4) Evaluate Your Start Up Costs and Raise Capital
Some business have very low start-up costs, maybe all you need is a computer, Internet service and a cell phone. It is probably wise to have a website where potential customers can find out more information about your products and/or services and you can easily set one up using sites like

Other businesses may require you to have a physical location where customers can come in, such as a storefront, or maybe you need funding to develop prototypes for your product, apply for patents and fund research. This is where raising capital with potential investors will come in, a process that will take time. It’s a good thing you put together that business plan, because investors will want to every detail of your product or service and how you intend to succeed.

Investors are naturally hesitant and want to see proof that your business is viable. They also want to have confidence in the person running the business because ultimately, they are investing in you. Finding your first investment can easily take six months or more and you will probably be told no more times than you can count. Do not get discouraged, if you’ve ever watched Sharktank, many entrepreneurs get told no and go on to become incredibly successful.

If you plan to fund the business yourself, there are many different ways to do it. You can borrow against your 401k, life insurance and house, you can use credit cards and don’t forget about the good old-fashioned bank loans. Lastly, you can reach out to family and friends, but always be cautious mixing family and friendships with business.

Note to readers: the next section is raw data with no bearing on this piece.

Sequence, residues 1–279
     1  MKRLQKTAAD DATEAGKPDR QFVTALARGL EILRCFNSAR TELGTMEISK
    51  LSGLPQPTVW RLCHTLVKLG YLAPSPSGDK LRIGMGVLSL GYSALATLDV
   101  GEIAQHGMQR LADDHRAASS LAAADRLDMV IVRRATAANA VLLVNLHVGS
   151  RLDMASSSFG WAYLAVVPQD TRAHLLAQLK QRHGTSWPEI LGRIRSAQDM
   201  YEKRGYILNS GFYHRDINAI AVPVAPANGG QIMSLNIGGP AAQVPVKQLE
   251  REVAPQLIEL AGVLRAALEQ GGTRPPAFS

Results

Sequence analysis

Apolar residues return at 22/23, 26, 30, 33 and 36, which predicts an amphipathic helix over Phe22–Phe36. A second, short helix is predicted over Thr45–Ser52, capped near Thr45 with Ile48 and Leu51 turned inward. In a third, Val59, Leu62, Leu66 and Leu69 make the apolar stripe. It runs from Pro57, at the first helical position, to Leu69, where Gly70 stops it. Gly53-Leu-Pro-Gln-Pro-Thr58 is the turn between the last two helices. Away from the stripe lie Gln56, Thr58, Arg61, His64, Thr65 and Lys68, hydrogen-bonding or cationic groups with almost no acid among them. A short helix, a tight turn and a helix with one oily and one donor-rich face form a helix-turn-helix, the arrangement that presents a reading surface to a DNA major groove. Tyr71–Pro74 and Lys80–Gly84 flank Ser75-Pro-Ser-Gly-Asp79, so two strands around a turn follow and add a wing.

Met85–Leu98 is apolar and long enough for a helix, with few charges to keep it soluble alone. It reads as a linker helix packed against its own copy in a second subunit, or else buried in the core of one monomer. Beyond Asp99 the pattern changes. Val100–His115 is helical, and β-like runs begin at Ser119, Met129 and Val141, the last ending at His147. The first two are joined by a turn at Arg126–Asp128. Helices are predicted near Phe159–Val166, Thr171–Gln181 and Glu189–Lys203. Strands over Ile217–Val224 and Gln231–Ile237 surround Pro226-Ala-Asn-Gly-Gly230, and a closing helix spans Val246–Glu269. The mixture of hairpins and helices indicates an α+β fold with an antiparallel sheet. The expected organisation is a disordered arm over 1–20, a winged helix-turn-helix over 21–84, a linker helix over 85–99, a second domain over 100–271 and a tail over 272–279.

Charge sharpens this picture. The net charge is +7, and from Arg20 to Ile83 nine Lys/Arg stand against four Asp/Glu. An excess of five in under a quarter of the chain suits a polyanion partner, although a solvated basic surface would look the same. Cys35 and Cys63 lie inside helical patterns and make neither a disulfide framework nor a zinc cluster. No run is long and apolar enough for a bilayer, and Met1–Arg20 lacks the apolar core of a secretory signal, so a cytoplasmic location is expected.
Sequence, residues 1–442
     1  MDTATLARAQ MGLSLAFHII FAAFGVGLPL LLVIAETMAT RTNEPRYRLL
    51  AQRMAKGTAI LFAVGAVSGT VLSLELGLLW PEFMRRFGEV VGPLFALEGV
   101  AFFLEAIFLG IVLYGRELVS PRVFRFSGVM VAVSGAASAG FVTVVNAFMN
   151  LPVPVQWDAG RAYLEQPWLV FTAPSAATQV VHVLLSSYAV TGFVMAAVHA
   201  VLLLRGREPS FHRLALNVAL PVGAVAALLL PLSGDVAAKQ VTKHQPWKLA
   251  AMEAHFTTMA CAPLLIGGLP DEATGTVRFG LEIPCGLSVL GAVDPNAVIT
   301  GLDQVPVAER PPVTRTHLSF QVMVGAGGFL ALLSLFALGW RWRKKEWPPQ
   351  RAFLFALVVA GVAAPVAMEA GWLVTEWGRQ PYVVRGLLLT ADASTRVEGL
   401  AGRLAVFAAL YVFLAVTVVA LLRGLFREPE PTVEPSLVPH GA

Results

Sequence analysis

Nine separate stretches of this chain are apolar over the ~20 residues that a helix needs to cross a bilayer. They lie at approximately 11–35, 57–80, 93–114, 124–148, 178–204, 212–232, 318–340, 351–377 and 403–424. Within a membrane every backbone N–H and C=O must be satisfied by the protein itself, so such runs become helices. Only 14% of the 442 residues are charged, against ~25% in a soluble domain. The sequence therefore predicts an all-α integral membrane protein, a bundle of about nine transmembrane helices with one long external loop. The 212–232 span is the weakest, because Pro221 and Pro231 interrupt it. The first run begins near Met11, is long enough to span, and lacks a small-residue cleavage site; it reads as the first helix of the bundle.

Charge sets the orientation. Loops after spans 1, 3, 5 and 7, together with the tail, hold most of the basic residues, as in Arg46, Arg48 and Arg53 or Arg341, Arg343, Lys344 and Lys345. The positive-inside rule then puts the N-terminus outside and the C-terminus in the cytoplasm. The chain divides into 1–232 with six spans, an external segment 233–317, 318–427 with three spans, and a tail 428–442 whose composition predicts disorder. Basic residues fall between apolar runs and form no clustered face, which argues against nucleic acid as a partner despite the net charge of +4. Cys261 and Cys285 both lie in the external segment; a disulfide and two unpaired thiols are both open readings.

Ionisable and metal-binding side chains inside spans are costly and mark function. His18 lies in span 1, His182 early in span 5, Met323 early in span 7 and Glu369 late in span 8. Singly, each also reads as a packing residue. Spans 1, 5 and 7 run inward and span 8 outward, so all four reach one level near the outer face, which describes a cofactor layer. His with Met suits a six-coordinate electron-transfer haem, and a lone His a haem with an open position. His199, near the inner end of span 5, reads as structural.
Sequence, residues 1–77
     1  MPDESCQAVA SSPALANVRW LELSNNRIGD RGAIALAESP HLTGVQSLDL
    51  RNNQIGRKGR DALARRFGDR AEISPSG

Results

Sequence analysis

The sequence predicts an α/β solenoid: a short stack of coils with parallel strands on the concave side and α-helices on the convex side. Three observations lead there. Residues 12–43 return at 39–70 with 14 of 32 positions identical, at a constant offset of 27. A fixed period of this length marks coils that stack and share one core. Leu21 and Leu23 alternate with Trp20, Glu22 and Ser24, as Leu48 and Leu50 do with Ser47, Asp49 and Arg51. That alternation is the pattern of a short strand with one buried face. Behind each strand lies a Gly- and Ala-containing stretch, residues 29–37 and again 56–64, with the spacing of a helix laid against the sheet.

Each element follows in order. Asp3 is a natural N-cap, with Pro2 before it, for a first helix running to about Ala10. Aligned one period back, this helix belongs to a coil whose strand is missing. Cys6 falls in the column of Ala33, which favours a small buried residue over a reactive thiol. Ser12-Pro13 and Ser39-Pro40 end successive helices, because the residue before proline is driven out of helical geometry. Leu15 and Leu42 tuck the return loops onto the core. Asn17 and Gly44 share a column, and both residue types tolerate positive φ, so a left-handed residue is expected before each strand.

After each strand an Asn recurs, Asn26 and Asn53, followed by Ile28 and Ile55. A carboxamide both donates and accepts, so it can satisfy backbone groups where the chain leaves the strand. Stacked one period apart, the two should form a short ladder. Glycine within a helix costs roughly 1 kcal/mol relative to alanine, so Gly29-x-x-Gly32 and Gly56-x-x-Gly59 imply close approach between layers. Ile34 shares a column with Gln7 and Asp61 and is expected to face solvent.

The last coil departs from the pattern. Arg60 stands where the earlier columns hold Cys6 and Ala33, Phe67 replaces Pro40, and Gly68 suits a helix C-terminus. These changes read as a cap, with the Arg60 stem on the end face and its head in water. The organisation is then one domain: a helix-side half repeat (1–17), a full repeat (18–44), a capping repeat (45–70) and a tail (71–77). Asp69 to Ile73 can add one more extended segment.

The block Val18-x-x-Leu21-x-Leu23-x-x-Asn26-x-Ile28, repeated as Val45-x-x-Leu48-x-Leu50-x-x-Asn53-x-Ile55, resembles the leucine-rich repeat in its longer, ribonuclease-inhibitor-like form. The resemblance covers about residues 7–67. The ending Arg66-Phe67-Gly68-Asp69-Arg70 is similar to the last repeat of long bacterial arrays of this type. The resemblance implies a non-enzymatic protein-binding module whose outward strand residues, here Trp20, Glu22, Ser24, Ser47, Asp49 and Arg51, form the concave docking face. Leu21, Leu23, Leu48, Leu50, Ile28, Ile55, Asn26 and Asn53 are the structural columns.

5) Choose a Legal Structure
Once you are ready to dive in, it is time to choose a legal structure. Sites like can get you up and running in no time and have great resources to help you figure out which legal structure is right for your business. They can also help you with finding an available business name and setting up your accounting structure. With each different legal structure, sole proprietorship, LLC, Partnership, or Corporation there are different fees associated as well as different tax implications. It is extremely important to understand these differences and what is required for each before jumping in.

With everything else on your mind like growing competition, raising capital and choosing a legal structure, you might not have even started thinking of a name for your business yet. Finding a name for your business that is memorable and distinctive is important. You will also want to make sure that you can buy a domain name for your website that is similar. For example, if your business name is something like Smith’s Auto Group, you’ll want to see if or or are taken. If not, I’d grab all three! Sites like can help you with this and they even have services to set up your website for you.